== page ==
Transcript for Jennifer Lopez, Alex Rodriguez tour Puerto Rico for hurricane relief
It was a one-two punch that crippled an island. Catastrophic damage in Puerto Rico. Hurricane Irma followed by hurricane MARIA. MARIA, its 154-mile-per-hour winds bat rtering the island, flooding homes, leaving millions of Americans without adequate food, water, or electricity in Puerto Rico. There's debris all over the city. This is the biggest catastrophe in Puerto rican history. What's out there is total devastation, total annihilation. Now 110 days later, much of the island still trying to recover. My sister and I traveled to Puerto Rico along with her boyfriend, Alex Rodriguez. I'm a little bit scared of what I'm going to see. Trying to assess where help is still badly needed. There's houses with no roofs. They're all blue. They all have the FEMA tarps on them, and they're everywhere. There's so many people still without a roof. For us, this journey is personal. Our parents were born and raised in Puerto Rico. I've always felt a strong tie to it. It's like when something happened to Puerto Rico, it happened to me. It was important for us to follow up and come down here and see with our own eyes how things were going, what else we could do, where the help was needed. One of the areas where help is most needed, power. Officials say about 50% of Puerto ricans are still without electricity. That loud, constant hum of generators that are powering so many houses that still don't have electricity. Puerto Rico is part of America. Everyone you see that's an American citizen. It's an important fact and it cannot be overlooked. From the moment the storm hit, Jennifer and Alex have been fighting for the island. Tonight we are here as one voice. Wanting to help however they could. ??? Jennifer and Alex rallied other performers and friends to host a special concert called "One voice". I called everybody I knew, and I said, please come out. Please lend your voice. Lend your talent. Let's try and raise some money. They raised $25 million for the relief effort. This trip, a start to allocate funds to some of the island's most devastated residents. We're here again to remind people here that this wasn't a one-day show, and this wasn't a concert. We're here because we care about them. We want to hear them. We want to meet the people, talk to them. Their words put into action here. One of the first stops, the home of 77-year-old Porfirio torres in San Juan. Still a hole in the roof. We've got one of the blue FEMA tarps that's covering this opening right here. He has no front door. His door has blown off. It's leaning right here on the wall of his home. He's overcome with emotion after learning some of the relief money raised by Jennifer and Alex will help to rebuild his roof. What does it feel like to know that you can do that? You know, it's funny. You do what you can, and you know -- you hope it's going to help. The mayor of San Juan, Carmen yulin Cruz. If anybody out there is listening to us, we are dying. Has been a voice for the voiceless. Cruz was highly critical of president trump after he threw paper towels to people during his one visit to the islands. He was insulting to the people of Puerto Rico. You can never be inside someone's head and know what their intentions are. But at the end of the day, I feel that could have been handled with a little bit more tact. It was a disappointing visual to see. You can't cleanhis up with paper towels. More than three months after trump's visit, the mayor is still frustrated by what little progress has been made. In the house that we're in, we haven't had energy since Irma. So the world counts frommaria, but we count 2 1/2 weeks earlier from that. Even when the roof gets placed, he won't have any energy. Many homes are still surrounded by polluted water and downed power lines. The residents tell us those blue FEMA tarps represent a lackluster response on behalf of the federal government. About a half a million homes have been partially or completely destroyed. So there's a lot to do, but I should say that my main concern is with congress right now. There needs to be some action taken. Puerto Rico's governor is now pleading for congress to send more financial aid. We're asking for them to consider Puerto Rico, to give us the proper assets so that we can rebuild properly. But even Puerto Rico's own local government has been accused of falling short, for not being able to provide an accurate death toll. Their official report states that 64 people have died, but some media outlets, like "The New York Times," have done their own investigation and have found that the death toll may be well over 1,000. I know you've put together a commission to find out a true death toll as a result of MARIA. What do you believe that is right now? I want to leave that to the experts. The way we did it from the onset is we took notice from the doctors. We got the death certificates, and the doctors said they were natural causes. We had to sort of abide by that. But we took all of the death certificates, and we asked our team to call back the doctors. And even if they said natural causes, we wanted to recheck if that was the case. Jennifer and Alex's next stop is to a women's health center, responsible for delivering hundreds of babies after MARIA. Pregnant women were out there without the care that they need because the lack of electricity and the lack of, like, power and water. So all the offices were shut down. Access to equal health care is a cause close to Jennifer and Alex's hearts. They've allocated $2 million of the funds raised to different health centers across the island. Does the center have everything it needs since the hurricane? Well -- In the process. One of the midwives at the clinic, Rita, tells us she@ hasn't had power in her home since hurricane Irma. We go home with her that night, and the reality of the storm hits even harder. If you look way up here, there are actually light bulb sockets that would light her porch outside. She tells us that the light bulbs were blown right out of the sockets during MARIA. Inside, her home is completely dark. Rita must carry light around with her and light candles to see. That's when the candles come in handy. Right. We're seeing how incredibly pitch black it gets here. Are you scared at all to come home? You're not, why? I'm never scared. I've been living here forever. I know my neighbors. They take care of me too. What are the residents here hearing from the government or from the local muptities that you will have power back and it will be at X time? In the beginning they were saying January. Right. Then now it's March. Mm-hmm. Then other people say may. It's clear that there's still so much more problem that needs to be made here. There's know question that they've taken a massive heavyweight punch. You cannot deny that. There's no question that these people are fierce, and they will come back bigger and better than ever. Across the island, that spirit of hope and resilience reigns true. So in one word, what's your emotional state at the end of the day, after meeting all these people and seeing what you've seen? I'm hopeful. I feel hopeful. I feel that they gave me hope. For "Nightline," I'm Linda Lopez in Puerto Rico. Next, just honored for a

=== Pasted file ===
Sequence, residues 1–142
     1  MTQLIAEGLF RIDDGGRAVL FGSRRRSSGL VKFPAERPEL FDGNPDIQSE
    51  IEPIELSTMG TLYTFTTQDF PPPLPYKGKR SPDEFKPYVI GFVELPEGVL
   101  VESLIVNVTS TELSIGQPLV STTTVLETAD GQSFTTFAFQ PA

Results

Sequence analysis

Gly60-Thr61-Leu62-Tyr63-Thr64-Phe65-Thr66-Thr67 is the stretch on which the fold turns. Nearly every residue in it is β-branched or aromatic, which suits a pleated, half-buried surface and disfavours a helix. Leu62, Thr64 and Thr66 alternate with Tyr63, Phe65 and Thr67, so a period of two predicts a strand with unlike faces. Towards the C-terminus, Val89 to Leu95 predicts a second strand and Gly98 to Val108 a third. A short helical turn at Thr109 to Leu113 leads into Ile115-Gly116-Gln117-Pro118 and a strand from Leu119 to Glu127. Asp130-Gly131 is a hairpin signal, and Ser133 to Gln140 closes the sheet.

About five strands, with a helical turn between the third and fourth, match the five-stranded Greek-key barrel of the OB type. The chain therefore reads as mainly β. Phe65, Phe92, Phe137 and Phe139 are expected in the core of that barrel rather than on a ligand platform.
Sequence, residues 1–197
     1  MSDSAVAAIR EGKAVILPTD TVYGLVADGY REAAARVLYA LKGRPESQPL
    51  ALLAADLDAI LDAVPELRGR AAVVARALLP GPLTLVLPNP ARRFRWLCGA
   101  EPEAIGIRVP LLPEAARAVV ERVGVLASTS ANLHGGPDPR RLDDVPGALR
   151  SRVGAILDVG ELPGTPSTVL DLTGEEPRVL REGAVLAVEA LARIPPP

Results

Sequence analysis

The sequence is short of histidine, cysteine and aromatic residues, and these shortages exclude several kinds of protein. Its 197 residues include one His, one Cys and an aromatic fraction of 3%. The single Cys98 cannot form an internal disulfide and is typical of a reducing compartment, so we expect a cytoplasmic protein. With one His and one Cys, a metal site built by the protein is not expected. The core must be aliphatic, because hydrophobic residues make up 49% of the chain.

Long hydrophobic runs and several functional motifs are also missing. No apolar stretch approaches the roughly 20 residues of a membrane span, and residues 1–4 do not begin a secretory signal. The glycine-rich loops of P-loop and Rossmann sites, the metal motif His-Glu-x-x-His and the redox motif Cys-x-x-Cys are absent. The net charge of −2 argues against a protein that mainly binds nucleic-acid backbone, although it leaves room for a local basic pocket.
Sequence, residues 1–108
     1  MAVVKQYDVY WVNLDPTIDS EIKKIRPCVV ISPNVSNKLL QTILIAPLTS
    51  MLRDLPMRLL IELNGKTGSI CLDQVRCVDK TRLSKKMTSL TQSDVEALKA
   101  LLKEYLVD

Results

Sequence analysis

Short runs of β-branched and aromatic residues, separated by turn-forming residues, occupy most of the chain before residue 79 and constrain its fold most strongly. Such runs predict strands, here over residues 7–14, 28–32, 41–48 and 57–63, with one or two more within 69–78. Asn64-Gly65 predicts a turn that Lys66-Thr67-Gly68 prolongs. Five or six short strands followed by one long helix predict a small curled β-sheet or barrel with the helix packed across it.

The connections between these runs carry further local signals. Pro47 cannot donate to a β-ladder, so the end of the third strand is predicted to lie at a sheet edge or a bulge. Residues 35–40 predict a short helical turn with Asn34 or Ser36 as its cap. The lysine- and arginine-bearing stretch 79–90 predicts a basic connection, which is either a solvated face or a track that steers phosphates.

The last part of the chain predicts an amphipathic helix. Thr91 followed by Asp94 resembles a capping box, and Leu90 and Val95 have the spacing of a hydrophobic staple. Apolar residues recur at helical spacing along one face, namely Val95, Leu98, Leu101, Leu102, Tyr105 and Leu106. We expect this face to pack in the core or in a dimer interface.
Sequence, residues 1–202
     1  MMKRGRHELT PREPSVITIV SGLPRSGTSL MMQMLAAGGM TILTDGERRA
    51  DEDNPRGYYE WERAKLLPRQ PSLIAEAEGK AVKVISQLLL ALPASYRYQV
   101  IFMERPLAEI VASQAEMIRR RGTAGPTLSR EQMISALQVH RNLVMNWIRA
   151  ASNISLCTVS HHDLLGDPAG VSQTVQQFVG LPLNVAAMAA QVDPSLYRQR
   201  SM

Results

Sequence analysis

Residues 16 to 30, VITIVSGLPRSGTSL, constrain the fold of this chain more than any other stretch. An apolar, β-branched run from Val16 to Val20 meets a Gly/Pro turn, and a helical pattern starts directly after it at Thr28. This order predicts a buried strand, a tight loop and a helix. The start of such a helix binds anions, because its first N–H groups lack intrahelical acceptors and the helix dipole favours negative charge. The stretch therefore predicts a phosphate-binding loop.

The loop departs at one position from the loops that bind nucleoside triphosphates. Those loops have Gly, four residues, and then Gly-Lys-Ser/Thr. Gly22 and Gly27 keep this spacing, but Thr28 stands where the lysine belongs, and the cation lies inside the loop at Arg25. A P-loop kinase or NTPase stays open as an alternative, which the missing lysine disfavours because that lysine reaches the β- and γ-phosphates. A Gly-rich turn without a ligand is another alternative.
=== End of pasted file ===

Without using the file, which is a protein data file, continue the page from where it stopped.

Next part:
This transcript has been automatically generated and may not be 100% accurate.